Hydrogen truck startup Nikola Motor Company has hit Tesla with a $2-billion patent infringement lawsuit that accuses Elon Musk’s company of stealing certain aspects of its semi truck design.
Nikola filed the lawsuit on Tuesday in Arizona federal court claiming that Tesla’s electric semi, which was unveiled in November 2017, infringes on several of its patents, including Nikola’s mid-entry door, fuselage, and wrap windshield that is designed to give the driver an unobstructed view of the road.
The lawsuit claims Tesla wilfully copied these patents in creating its electric truck, and Nikola is seeking $2 billion in damages in return.
“It’s patently obvious there is no merit to this lawsuit,” a spokesperson for Tesla told media in an email statement. A representative for Nikola Motors said in a statement to The Verge that “We are not commenting because it is in the courts. The lawsuit speaks for itself.”
Nikola was founded in 2014, and the company showed off its first two products — an electric four-wheel off-road vehicle and a hydrogen-electric semi — in May 2016. It has since added a second semi to its eventual lineup, teased some all-electric personal watercraft, and announced plans for a $1 billion factory in a suburb of Phoenix, Arizona.
Nikola Motor is designing and building its own driverless, hydrogen fuel cell-powered Class 8 truck. After posting a design of its Nikola One freight truck in May 2016, the company unveiled the Nikola One in December 2016. It is also developing a Nikola Two day-cab, which will begin testing in fall 2018. It’s expected to go into full production in 2021.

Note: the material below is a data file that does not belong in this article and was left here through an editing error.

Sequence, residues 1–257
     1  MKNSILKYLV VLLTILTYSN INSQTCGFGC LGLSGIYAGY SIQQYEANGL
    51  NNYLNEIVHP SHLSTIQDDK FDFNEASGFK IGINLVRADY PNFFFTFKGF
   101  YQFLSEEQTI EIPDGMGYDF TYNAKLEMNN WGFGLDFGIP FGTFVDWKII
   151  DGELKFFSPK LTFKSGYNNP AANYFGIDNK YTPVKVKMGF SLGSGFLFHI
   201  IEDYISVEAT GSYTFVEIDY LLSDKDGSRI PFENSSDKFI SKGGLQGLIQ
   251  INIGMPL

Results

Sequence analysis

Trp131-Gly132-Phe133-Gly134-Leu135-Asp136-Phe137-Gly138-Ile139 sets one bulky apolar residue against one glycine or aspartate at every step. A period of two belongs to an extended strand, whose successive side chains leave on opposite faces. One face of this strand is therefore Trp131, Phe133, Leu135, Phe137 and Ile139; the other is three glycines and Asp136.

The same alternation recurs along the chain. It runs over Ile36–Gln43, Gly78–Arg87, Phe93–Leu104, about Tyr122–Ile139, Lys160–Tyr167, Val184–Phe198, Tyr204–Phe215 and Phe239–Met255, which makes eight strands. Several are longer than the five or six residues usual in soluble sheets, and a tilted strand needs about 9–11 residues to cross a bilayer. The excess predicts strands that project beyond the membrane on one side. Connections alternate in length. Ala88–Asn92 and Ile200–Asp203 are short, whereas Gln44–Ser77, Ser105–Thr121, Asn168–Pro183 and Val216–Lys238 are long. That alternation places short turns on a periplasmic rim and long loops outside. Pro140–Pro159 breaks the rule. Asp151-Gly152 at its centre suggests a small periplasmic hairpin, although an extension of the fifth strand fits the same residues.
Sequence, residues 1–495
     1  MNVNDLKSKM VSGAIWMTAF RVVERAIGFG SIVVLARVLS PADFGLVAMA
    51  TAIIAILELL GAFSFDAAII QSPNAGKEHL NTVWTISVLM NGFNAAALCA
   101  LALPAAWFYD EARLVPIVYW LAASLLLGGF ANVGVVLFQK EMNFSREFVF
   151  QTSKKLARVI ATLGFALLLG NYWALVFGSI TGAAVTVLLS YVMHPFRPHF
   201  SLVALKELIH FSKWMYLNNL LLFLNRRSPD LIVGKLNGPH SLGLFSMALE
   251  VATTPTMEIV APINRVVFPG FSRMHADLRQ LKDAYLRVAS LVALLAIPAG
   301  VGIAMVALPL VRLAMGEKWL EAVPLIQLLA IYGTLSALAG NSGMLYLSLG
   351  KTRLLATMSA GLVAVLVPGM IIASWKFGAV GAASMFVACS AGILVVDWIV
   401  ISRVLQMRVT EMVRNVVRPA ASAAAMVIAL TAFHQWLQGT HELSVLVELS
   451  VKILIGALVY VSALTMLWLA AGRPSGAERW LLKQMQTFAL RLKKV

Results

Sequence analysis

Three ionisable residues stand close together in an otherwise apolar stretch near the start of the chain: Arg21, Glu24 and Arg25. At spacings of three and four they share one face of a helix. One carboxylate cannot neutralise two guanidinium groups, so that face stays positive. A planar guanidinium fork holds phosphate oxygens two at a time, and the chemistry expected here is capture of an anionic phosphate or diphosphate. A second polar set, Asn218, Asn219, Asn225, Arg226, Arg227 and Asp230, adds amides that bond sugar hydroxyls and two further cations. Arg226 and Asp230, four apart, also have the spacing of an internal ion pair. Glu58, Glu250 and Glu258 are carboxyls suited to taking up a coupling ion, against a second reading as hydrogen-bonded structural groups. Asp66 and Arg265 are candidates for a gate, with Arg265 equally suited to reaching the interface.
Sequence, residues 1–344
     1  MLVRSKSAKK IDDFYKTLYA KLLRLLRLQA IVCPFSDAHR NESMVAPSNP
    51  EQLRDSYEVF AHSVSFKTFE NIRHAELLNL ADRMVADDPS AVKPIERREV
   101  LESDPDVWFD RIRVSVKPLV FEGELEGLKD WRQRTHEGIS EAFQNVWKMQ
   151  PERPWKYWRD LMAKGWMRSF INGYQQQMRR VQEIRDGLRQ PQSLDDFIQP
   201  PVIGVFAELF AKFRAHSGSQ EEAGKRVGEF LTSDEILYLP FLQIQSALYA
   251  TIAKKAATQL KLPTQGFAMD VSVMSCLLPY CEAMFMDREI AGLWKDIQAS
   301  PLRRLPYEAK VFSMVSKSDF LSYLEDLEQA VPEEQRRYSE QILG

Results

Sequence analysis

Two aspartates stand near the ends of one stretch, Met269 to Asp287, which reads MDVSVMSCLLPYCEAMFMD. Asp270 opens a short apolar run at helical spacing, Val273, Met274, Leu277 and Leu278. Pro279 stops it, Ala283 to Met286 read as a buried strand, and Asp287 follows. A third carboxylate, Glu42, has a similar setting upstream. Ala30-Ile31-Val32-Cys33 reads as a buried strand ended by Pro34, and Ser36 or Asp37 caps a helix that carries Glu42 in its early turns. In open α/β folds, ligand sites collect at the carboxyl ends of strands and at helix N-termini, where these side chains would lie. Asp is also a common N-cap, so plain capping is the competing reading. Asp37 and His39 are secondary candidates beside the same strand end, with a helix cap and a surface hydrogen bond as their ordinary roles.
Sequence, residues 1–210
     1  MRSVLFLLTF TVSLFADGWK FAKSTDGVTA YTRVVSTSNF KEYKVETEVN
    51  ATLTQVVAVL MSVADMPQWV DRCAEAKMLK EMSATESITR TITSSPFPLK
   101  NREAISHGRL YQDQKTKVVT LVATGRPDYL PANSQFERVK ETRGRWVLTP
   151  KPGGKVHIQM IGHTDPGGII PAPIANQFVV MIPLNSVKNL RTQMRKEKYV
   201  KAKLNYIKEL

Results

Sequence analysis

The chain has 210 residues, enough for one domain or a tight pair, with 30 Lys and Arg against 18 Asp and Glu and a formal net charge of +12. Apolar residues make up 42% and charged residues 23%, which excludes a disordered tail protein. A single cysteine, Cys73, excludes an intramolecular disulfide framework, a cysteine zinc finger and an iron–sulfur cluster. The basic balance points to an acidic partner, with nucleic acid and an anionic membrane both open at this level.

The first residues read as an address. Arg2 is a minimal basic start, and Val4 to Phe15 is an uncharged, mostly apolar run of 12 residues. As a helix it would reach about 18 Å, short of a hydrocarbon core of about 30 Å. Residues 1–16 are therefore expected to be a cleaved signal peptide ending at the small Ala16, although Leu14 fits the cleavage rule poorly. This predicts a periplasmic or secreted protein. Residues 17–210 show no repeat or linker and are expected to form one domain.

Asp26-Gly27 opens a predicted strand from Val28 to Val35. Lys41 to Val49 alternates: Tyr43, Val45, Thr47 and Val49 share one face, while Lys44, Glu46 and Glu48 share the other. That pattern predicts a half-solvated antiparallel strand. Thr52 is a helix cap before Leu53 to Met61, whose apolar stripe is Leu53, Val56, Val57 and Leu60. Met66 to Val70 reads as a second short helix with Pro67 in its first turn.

Four months after Nikola first published its design, Aaron Hoyos, a recruiter for Tesla, reached out to Nikola’s chief engineer Kevin Lynk, the lawsuit alleges. In that email, the lawsuit alleges that Hoyos told Lynk that “Tesla is building a new team to focus on development heavy Class A trucks” and said his background would be a “good fit”.
Tesla released a teaser image of its Tesla Semi in April 2017. Six months later, just days before Tesla would reveal its Tesla Semi truck at a splashy event, Nikola sent a letter demanding the company not proceed with the unveiling until the patent infringement was resolved, the lawsuit says. Nikola says in the lawsuit that Tesla never responded.
Nikola has sparred with Tesla before, including how it chose to use the first name of the same famous investor (Nikola Tesla) when founding the company. Most recently, Nikola claimed in April that while it has over $8 billion in pre-orders for the different versions of its semi trucks, all those reservations will “be refunded 100 per cent” and the startup “won’t use your money to operate our business” — statements that appear to be obvious jabs at Tesla, which holds nearly $1 billion in customer deposits for the Model 3 and other various announced products, according to recent filings.
The lawsuit also highlights an increasingly heated competition in the trucking industry. Dozens of other companies, from established truckmakers like Daimler, Navistar, and Volkswagen to startups like Peloton and Embark as well as Uber’s Otto and Waymo, the erstwhile Google self-driving vehicle project, are pursuing what they believe is the next generation of trucking.